Transparency builds solid grounds for Democracy and that’s the only way to fight back COVID-19
These days the social function of the State has become more relevant than ever. The welfare state seems to have been reborn largely as a result of COVID-19, protecting citizens and saving them from the coronavirus, but, unfortunately, neither the State nor the citizens seem to be willing to learn from the crisis.
Everywhere in Europe, and in Portugal, recent times have brought a growing distance, dramatic in many cases, between the citizens and the State, with the levels of trust in public institutions and political decision-makers reaching minimum degrees. In my country, the perception of corruption measured by TI’s CPI is usually bellow the European average, and the abstention rate has been around 40% since 2009 (in last year’s Parliamentary elections it exceeded 50% and in the EU Elections 69.27%). Particularly for the younger generations, the vote seems somehow pointless or unnecessary.
We tend to look at the State and its institutions with no real interest nor empathy, and with the exception of those sections of the population that need the help of the State to survive, a large percentage of citizens and companies opt to maintain a relationship with the State quite disconnected and/ or merely functional.
The serious economic and financial crisis that hit the country between 2010 and 2014 has aggravated these feelings, as well the citizen overall apathy towards the affairs of the State. But also thanks to a political and institutional culture that undermines the role of civil society, and public decision-making processes based on omissions, innuendos, and a system of closed-circuit information sharing.
The State and its institutions are not proactively transparent, often choose to omit the data needed for public scrutiny, and the consultation mechanisms are treated as any other detail in a procedural checklist. With that our democracy has lost much of the robustness and enthusiasm since the Carnation Revolution that ended Dictatorship in 1974.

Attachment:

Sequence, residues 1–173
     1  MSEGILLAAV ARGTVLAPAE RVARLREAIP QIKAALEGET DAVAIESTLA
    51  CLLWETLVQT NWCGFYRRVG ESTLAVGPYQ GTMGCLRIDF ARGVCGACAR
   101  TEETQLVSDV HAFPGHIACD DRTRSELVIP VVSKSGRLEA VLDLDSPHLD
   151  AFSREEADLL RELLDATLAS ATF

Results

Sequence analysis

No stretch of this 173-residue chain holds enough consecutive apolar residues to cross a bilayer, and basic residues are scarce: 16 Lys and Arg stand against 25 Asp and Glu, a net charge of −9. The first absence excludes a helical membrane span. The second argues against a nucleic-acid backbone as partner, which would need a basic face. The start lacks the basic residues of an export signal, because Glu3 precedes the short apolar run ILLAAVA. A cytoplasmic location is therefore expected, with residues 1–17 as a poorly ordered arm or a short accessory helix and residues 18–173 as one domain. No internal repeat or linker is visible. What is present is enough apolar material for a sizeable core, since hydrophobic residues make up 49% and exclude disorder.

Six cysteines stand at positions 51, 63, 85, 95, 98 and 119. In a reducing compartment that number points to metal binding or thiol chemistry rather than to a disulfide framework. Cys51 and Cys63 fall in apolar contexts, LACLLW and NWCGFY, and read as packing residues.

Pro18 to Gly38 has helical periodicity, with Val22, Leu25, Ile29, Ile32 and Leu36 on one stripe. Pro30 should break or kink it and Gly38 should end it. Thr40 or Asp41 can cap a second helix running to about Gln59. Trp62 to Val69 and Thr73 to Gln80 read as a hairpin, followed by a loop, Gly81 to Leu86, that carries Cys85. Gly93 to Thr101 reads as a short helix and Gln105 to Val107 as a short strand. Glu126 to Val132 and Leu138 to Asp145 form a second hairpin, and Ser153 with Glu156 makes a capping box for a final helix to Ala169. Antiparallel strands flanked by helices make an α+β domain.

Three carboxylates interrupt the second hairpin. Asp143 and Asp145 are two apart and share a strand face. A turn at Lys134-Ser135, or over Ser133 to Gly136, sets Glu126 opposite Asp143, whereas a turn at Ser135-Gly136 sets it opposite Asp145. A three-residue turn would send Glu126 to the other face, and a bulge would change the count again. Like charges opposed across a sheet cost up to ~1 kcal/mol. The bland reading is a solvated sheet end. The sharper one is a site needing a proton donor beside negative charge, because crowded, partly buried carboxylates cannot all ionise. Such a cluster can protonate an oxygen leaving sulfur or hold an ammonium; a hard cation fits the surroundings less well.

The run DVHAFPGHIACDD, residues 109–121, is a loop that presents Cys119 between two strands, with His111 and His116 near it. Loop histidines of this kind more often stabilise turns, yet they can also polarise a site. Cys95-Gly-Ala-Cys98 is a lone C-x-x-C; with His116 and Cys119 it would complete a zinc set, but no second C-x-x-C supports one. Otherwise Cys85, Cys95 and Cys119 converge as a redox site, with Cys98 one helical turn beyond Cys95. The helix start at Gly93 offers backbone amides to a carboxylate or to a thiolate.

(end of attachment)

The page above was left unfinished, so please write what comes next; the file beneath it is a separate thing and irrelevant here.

For example, in public procurement, emergency measures dictated the flexibility of the rules inscribed in the Code to allow the purchase of medical supplies and equipment to combat the virus. The need to arm the Health Sector against this huge threat is unquestionable, but we should not prevent ourselves from questioning why we need to completely dismiss transparency and accountability in public spending because of COVID-19.
The extraordinary times we face cannot justify the violation of the citizens’ right to be duly informed about the level of public expenditure, nor should the companies be deprived of their right to fair competition and equal treatment in the public supply chain. That is why, at Transparency International Portugal, we are campaigning to motivate and to mobilize active citizenship in times of the pandemic and spreading the word about powerful tools such as the Integrity Pacts and the Open Contracting Data Standard. The same way we are requesting the government to fully report and share epidemiological data.
We ought to oversee the Government’s performance in this emergency the same way we evaluate governmental decisions outside the crisis because that’s critical for Public Health and for the health of our Democracy.
Unfortunately, many of us seem to be numb by the blow of the crisis and comforted by the quick response of the authorities in providing financial support to families and companies. This will come with a price: making ourselves comfortable with low transparency and accountability standards right now means resigning from citizenship in the future to come.
Life goes on despite COVID-19. We should make sure to build solid grounds where to live it.
Por Karina Carvalho, Diretora Executiva da TI-PT